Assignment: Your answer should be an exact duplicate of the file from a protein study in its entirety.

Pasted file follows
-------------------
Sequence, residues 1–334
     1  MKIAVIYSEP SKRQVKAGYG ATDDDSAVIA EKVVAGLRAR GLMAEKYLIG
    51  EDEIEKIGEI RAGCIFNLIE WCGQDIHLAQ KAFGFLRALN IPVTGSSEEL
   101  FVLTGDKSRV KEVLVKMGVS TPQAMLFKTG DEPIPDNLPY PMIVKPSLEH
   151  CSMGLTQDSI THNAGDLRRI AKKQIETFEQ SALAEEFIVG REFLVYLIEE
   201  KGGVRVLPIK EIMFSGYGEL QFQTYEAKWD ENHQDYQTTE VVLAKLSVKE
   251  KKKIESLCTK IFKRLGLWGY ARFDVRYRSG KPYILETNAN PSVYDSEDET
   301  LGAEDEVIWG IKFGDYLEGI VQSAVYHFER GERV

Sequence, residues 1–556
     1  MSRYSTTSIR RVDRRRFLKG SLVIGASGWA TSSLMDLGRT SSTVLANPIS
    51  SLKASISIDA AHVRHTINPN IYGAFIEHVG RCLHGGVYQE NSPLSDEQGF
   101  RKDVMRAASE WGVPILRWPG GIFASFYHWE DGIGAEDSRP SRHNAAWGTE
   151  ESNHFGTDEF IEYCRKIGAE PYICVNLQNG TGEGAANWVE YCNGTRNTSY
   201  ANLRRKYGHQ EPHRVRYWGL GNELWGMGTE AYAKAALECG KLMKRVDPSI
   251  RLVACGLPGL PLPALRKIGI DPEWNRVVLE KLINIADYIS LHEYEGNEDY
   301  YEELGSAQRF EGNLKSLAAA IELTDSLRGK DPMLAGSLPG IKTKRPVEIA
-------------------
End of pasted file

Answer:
Sequence, residues 1–334
     1  MKIAVIYSEP SKRQVKAGYG ATDDDSAVIA EKVVAGLRAR GLMAEKYLIG
    51  EDEIEKIGEI RAGCIFNLIE WCGQDIHLAQ KAFGFLRALN IPVTGSSEEL
   101  FVLTGDKSRV KEVLVKMGVS TPQAMLFKTG DEPIPDNLPY PMIVKPSLEH
   151  CSMGLTQDSI THNAGDLRRI AKKQIETFEQ SALAEEFIVG REFLVYLIEE
   201  KGGVRVLPIK EIMFSGYGEL QFQTYEAKWD ENHQDYQTTE VVLAKLSVKE
   251  KKKIESLCTK IFKRLGLWGY ARFDVRYRSG KPYILETNAN PSVYDSEDET
   301  LGAEDEVIWG IKFGDYLEGI VQSAVYHFER GERV

Sequence, residues 1–556
     1  MSRYSTTSIR RVDRRRFLKG SLVIGASGWA TSSLMDLGRT SSTVLANPIS
    51  SLKASISIDA AHVRHTINPN IYGAFIEHVG RCLHGGVYQE NSPLSDEQGF
   101  RKDVMRAASE WGVPILRWPG GIFASFYHWE DGIGAEDSRP SRHNAAWGTE
   151  ESNHFGTDEF IEYCRKIGAE PYICVNLQNG TGEGAANWVE YCNGTRNTSY
   201  ANLRRKYGHQ EPHRVRYWGL GNELWGMGTE AYAKAALECG KLMKRVDPSI
   251  RLVACGLPGL PLPALRKIGI DPEWNRVVLE KLINIADYIS LHEYEGNEDY
   301  YEELGSAQRF EGNLKSLAAA IELTDSLRGK DPMLAGSLPG IKTKRPVEIA